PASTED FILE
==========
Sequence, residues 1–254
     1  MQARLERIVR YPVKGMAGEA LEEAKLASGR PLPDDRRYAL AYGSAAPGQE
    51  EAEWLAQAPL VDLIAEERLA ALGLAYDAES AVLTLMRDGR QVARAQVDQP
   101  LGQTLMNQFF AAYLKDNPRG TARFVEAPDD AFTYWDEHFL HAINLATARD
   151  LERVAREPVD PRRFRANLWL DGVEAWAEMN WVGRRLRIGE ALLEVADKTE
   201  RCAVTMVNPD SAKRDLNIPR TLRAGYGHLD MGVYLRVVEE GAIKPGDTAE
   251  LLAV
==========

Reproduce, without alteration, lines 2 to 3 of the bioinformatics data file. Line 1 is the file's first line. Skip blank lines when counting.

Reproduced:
     1  MQARLERIVR YPVKGMAGEA LEEAKLASGR PLPDDRRYAL AYGSAAPGQE
    51  EAEWLAQAPL VDLIAEERLA ALGLAYDAES AVLTLMRDGR QVARAQVDQP